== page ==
Advances in treatment of elevated cholesterol levels and recent documentation of efficacy and safety in clinical trials justify expanded use of cholesterol-lowering therapy in clinical practice. Patients with CHD or other forms of clinical atherosclerotic disease can benefit from aggressive cholesterol management. Maximal dietary modification, weight control, and physical activity are valuable adjuncts to drug therapy in secondary prevention. Recent studies have shown that appropriate use of cholesterol-lowering drugs is cost-effective and efficacious in patients with CHD.
Statin drugs and various isoprenoids from plant origins inhibit mevalonic acids, cholesterol, and other isoprenoid products. Among these, reduction of farnesyl and geranylgeranyl prenylated proteins impedes signal transduction at the cellular level. The authors envision that limiting such prenylated proteins downregulates thrombin-stimulated events, including decreasing the expression and availability of protease-activated receptor-1 mitigating thrombin stimulation of cells, tissue factor preventing additional thrombin generation, and plasminogen activator inhibitor-1 allowing thrombosis.
Doxorubicin efficacy in cancer therapy is hampered by the dose-dependent side effects, which may be overcome by reducing the drug's dose and increasing its efficacy. In the present work, we suggest that the activation of the nuclear factor-kappaB (NF-kappaB) pathway and of nitric-oxide (NO) synthase increases the doxorubicin efficacy in human colon cancer HT29 cells.
Ayurveda means "the science of life". Ayur means "life" and Veda means "knowledge or science". It is the oldest medical system in the world. Its origins can be traced as far back as 4500 BC, to four ancient books of knowledge, (the "Vedas") and it is still officially recognized by the government of India. The present study was aimed at investigating the effects of Anwala churna (Emblica officinalis Gaertn.), an Ayurvedic preparation on memory, total serum cholesterol levels and brain cholinesterase activity in mice.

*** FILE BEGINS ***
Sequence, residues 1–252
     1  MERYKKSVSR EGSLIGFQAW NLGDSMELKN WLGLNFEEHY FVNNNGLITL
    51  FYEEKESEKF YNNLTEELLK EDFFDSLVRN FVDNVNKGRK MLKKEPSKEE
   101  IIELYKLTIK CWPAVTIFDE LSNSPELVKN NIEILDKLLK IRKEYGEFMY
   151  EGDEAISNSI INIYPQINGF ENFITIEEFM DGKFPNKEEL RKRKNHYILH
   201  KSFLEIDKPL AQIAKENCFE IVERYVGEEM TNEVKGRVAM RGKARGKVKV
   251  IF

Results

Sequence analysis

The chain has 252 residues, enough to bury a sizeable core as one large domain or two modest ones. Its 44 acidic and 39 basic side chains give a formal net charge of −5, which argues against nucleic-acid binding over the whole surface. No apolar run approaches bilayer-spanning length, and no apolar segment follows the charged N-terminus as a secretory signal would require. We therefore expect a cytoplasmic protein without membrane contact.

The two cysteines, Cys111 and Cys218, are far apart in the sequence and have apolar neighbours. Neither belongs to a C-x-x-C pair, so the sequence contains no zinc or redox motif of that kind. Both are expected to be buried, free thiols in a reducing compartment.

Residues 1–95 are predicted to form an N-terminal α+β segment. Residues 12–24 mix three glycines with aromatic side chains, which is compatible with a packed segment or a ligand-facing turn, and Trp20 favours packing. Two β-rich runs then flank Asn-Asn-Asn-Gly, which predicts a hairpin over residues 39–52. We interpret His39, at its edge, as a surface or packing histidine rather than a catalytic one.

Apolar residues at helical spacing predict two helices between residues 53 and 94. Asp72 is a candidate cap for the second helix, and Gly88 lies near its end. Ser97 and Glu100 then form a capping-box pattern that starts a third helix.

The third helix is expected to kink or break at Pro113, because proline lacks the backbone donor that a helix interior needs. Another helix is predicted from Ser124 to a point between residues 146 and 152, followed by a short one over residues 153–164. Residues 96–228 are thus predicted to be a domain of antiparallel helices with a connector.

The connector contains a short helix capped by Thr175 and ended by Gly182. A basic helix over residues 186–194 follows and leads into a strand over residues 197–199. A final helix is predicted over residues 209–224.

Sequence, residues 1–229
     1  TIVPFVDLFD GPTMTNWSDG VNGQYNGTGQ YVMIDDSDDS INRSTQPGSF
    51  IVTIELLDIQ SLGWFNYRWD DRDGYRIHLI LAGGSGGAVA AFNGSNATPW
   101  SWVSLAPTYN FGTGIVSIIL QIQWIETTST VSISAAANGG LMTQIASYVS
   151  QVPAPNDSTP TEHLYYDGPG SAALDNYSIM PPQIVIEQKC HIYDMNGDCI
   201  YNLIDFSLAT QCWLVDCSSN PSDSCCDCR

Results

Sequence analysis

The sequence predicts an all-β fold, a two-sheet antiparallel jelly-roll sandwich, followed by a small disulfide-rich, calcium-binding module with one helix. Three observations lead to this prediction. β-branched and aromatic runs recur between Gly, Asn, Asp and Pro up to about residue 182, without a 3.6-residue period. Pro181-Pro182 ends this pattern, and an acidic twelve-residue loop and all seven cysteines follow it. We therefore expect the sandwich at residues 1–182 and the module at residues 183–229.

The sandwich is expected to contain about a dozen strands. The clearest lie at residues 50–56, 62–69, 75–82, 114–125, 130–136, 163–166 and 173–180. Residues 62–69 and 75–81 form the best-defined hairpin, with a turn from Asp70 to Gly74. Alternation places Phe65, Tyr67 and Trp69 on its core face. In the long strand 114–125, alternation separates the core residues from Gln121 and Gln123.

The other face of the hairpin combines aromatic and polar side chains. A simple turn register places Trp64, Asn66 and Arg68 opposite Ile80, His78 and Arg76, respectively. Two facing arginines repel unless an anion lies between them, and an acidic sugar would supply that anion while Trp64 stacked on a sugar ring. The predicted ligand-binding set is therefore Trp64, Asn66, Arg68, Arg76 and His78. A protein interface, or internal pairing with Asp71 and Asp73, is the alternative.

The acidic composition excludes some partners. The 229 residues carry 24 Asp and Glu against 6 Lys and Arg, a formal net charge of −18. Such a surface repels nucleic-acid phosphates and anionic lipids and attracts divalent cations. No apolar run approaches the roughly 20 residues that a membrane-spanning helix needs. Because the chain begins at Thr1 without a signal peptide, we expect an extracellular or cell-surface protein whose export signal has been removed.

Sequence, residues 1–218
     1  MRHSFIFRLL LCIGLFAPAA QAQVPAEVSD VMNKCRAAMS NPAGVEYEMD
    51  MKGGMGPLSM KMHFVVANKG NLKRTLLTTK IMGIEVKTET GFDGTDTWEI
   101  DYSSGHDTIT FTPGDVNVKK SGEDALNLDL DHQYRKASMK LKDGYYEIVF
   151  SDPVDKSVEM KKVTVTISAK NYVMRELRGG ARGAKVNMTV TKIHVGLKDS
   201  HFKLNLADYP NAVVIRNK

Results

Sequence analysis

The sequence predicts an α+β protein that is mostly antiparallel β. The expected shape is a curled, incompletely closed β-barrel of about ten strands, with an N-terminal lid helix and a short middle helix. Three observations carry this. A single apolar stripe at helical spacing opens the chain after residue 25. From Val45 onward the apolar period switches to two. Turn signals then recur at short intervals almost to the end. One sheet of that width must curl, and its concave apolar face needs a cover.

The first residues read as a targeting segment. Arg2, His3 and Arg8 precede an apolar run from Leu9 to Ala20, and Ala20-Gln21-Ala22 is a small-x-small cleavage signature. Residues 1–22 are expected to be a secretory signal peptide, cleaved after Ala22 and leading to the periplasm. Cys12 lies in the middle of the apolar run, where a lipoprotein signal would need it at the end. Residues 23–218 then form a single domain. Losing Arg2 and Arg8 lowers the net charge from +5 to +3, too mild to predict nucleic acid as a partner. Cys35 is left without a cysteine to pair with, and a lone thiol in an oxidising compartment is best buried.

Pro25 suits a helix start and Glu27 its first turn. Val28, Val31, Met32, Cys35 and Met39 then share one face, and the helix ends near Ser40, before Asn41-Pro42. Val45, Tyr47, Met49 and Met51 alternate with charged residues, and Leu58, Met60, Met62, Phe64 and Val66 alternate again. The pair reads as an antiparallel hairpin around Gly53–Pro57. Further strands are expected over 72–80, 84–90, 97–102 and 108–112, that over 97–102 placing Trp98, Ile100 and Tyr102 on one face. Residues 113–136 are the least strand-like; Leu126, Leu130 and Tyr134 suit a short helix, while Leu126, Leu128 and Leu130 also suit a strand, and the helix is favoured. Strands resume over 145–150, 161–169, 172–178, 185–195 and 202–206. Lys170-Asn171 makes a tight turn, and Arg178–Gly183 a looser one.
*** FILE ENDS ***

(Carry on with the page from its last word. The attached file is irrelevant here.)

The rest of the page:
BACKGROUND: Prospective studies indicate that baseline levels of C-reactive protein (CRP), the prototypic marker of inflammation, are associated with an increased risk for cardiovascular events. Limited studies have examined therapies that influence high-sensitive CRP (hs-CRP) levels, especially in hyperlipidemic patients.
Arteriosclerosis, Thrombosis, and Vascular Biology
Clinical trials with statins have demonstrated significant reductions in cardiovascular events. Remnant lipoproteins are independent predictors of cardiovascular events. Because of the paucity of data on the effect of statins on remnant lipoproteins, we tested the effect of pravastatin, simvastatin, and atorvastatin on remnant lipoprotein cholesterol (RLP-C) levels in a randomized crossover study in patients with combined hyperlipidemia.
The Journal of Clinical Endocrinology and Metabolism
CONTEXT: Cardiovascular disease is a major cause of mortality in type 1 diabetes (TIDM). TIDM is a proinflammatory state. Whereas there is consensus on lipid management in type 2 diabetes, there is a lack of data in type 1 diabetes. In addition to benefits on the lipid profile, statin therapy is antiinflammatory. OBJECTIVE: There are scant data on statin therapy in T1DM. Thus, we tested the effect of simvastatin, compared with placebo, on biomarkers of inflammation and monocyte function in TIDM patients.
The metabolic syndrome (MS) is characterized by low-grade inflammation and confers an increased risk for diabetes mellitus and cardiovascular disease. Statins reduce cardiovascular events in patients with the MS and have pleiotropic effects in addition to lowering low-density lipoprotein cholesterol.
OBJECTIVE: We hypothesized that simvastatin may reduce adiponectin levels and insulin sensitivity in hypercholesterolemic patients. RESEARCH DESIGN AND METHODS: This was a randomized, double-blind, placebo-controlled, parallel study. Age, sex, and BMI were matched. Thirty-two patients were given placebo, and 30, 32, 31, and 31 patients were given daily 10, 20, 40, and 80 mg simvastatin, respectively, during a 2-month treatment period.
BACKGROUND: The Metabolic Syndrome (MS) confers an increased risk for diabetes and cardiovascular disease. We previously showed that simvastatin has concomitant benefits in reducing low-density lipoprotein (LDL)-cholesterol and inflammation in MS subjects. The levels of plasminogen activator inhibitor 1(PAI-1), soluble P-selectin (sP-selectin), and soluble CD40 ligand (sCD40L) play an important role in the development and progression of atherosclerosis. Their levels are increased in the MS.